From your high school science classes you may know the names Watson and Crick. If you took any more biology classes you may have heard of Wilkins, but a third name is often overlooked: Rosalind Franklin. Together, they took blurry photographs of DNA goo and discovered “the secret to life.”

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00:00:02It's february twenty eighth nineteen fifty three it's a gray winter day in cambridge england and in the eagle it's lunchtime pub is dim and cozy and the smell of the local favorites like shepherd's pie bangers and mash fills the air it looks set to be a perfectly ordinary
00:00:21afternoon but a moment later calm is shattered front door flies open and everyone turns to see a blond man in his mid thirties hurry in on a wooden bench on the other side of the pub skinny young man with wild hair and big eyes sitting the blond man
00:00:39orders thie usual two pints please bartender slides his beer across the bar then the blond man raises his glass and calls out for everyone to hear Gentlemen we have discovered the secret of life around the pub The reaction is one of shock and disbelief Some of the other
00:01:00scientists looked confused to others amazed if you look skeptical what are you going on about the secret of life Yes what is he talking about The blond man is francis crick in english scientist and his wild haired friend is an american james watson The reason for their excitement
00:01:20is standing in the corner of a small room in the cavendish laboratory just down the road from the eagle it's a sculpture made out of what looks like tinker toys with wedges of cardboard attached the sculpture is hardly impressive it's something a kindergartner would build but if you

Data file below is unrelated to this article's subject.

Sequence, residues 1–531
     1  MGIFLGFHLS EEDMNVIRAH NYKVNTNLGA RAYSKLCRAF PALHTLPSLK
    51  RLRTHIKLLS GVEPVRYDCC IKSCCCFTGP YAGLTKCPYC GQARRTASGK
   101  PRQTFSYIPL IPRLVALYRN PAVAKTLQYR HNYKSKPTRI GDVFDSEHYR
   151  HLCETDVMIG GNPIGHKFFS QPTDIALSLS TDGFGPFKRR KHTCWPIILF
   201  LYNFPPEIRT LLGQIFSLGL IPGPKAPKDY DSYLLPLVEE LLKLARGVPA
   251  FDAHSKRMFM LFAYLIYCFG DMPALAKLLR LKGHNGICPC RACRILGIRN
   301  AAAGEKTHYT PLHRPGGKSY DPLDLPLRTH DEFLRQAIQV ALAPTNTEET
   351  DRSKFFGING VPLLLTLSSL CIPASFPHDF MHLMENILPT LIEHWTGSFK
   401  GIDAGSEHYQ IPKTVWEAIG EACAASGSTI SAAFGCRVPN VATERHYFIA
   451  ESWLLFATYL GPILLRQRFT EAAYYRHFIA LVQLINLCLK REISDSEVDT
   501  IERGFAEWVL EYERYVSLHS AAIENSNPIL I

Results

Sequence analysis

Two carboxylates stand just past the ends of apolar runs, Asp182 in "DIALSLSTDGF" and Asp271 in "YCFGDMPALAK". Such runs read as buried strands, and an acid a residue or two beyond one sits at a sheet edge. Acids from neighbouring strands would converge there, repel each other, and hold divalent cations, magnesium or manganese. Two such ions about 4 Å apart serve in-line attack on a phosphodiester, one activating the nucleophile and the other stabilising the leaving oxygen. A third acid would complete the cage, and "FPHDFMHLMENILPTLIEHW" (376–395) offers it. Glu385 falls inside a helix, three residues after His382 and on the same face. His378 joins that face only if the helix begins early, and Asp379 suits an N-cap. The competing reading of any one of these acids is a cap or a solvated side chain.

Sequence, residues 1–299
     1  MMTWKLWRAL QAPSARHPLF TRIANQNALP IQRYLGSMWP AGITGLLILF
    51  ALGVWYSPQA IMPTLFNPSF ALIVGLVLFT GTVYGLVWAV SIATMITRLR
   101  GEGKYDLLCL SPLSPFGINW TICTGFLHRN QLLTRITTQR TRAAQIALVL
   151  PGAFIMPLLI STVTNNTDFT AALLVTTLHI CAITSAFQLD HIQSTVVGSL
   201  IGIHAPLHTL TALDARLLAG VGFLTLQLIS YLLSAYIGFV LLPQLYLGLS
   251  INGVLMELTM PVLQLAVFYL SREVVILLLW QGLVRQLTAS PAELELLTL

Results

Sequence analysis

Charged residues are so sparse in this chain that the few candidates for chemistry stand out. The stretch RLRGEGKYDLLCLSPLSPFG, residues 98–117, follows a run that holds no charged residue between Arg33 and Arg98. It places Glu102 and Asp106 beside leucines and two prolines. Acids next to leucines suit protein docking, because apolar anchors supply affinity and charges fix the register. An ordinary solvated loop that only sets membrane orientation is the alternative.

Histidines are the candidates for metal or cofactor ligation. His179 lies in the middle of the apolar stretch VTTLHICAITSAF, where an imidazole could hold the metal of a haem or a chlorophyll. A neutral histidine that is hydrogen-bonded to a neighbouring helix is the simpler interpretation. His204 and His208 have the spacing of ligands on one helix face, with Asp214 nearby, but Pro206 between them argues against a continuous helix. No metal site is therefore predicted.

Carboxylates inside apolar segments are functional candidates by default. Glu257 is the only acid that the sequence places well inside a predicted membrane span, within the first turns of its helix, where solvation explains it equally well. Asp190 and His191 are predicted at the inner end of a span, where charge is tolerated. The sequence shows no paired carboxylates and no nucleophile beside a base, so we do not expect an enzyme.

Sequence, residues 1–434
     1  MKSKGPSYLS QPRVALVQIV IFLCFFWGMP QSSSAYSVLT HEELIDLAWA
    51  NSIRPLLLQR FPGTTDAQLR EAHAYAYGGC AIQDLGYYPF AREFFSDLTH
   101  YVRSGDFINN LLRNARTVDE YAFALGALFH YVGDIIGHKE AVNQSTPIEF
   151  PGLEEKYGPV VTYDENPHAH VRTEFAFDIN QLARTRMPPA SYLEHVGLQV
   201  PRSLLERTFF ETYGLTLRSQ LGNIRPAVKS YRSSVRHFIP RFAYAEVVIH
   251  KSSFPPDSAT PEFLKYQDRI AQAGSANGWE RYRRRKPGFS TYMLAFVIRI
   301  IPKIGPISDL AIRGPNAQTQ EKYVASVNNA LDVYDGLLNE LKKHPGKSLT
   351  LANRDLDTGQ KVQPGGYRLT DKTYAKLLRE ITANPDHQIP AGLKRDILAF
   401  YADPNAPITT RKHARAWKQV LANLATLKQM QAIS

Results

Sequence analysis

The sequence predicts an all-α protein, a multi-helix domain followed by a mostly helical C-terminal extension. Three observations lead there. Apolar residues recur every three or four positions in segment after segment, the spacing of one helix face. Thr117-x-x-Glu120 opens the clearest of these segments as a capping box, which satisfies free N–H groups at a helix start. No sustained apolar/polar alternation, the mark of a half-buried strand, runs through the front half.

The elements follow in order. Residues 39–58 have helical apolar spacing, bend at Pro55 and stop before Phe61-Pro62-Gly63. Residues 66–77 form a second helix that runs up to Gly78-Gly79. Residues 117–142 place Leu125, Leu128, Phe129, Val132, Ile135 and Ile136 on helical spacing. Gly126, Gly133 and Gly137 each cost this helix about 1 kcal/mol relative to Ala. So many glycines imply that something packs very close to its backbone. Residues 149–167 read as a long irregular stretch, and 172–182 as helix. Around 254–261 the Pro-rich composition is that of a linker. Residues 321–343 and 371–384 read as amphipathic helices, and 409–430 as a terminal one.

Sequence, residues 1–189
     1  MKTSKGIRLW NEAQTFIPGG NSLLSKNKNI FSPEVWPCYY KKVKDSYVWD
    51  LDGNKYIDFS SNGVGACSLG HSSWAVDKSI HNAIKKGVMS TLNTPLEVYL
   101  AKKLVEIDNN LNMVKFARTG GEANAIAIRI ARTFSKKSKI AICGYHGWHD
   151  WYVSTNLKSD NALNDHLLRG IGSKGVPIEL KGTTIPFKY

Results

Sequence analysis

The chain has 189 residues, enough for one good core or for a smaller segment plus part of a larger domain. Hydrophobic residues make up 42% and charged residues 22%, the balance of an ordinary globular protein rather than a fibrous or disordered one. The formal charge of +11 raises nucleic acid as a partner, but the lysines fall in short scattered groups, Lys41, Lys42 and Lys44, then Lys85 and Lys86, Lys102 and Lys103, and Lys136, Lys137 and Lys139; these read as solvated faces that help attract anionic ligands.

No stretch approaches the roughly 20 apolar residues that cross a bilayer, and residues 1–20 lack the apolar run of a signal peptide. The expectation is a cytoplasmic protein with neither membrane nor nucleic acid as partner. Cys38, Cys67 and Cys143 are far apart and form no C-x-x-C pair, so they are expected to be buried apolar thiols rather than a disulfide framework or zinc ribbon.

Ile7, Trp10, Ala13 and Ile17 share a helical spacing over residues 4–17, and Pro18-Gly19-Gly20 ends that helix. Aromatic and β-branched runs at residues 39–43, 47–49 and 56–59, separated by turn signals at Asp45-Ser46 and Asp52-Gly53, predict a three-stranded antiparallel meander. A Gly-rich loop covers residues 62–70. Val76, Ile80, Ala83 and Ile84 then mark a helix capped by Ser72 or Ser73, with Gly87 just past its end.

00:01:39look closely it has a certain elegance to it a pleasing symmetry it's shaped like a long ladder with many wrongs except it has been twisted so that it looks more like a spiral staircase This is the first accurate model of dna the molecular blueprint for life dna's structure
00:02:00is one of the most important discoveries in the history of science and francis crick has just announced it to the world in a pub The discovery of dna's double helix would go on to earn these two scientists a nobel prize and would transform science forever But of course
00:02:19it wasn't their discovery at least not theirs alone It had taken decades and the work of many other men and women to get them there It may have sounded incredibly arrogant at the time but in one sense francis crick was right there discovery would unlock the secrets of
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00:03:41If you love what you're hearing now you contrive zip recruiter for free just goto zip recruiter dot com slash aye aye that's zip recruiter dot com slash a zip recruiter the smartest way to hire from wondering this is american innovation on your host stephen johnson this is episode
00:04:21three of our six part series on dna the stuff of life in our last episode we looked at how scientists in the fly room at columbia university made several major discoveries One was that genetic information in the form of genes is carried around on structures called chromosomes but
00:04:40what exactly are genes and what are they made off Finding The answer to that question would occupy many of the greatest scientific minds of the nineteen fifties but the story of that search was also a very human affair full of stupid mistakes and petty jealousies and as you
00:05:00might have guessed from that display in the eagle pub more than a little arrogance in the next chapter in the story of dna four figures stand out James watson and francis crick obviously and a third man maurice wilkins the fourth name is sometimes overlooked Rosalynn franklin we'll get
00:05:21to her soon watson claimed that he had discovered the secret of life with good reason but the secret story behind its discovery proves just how messy science and life itself khun get But nineteen fifty scientists knew that chromosomes carry genetic information and they knew that they were made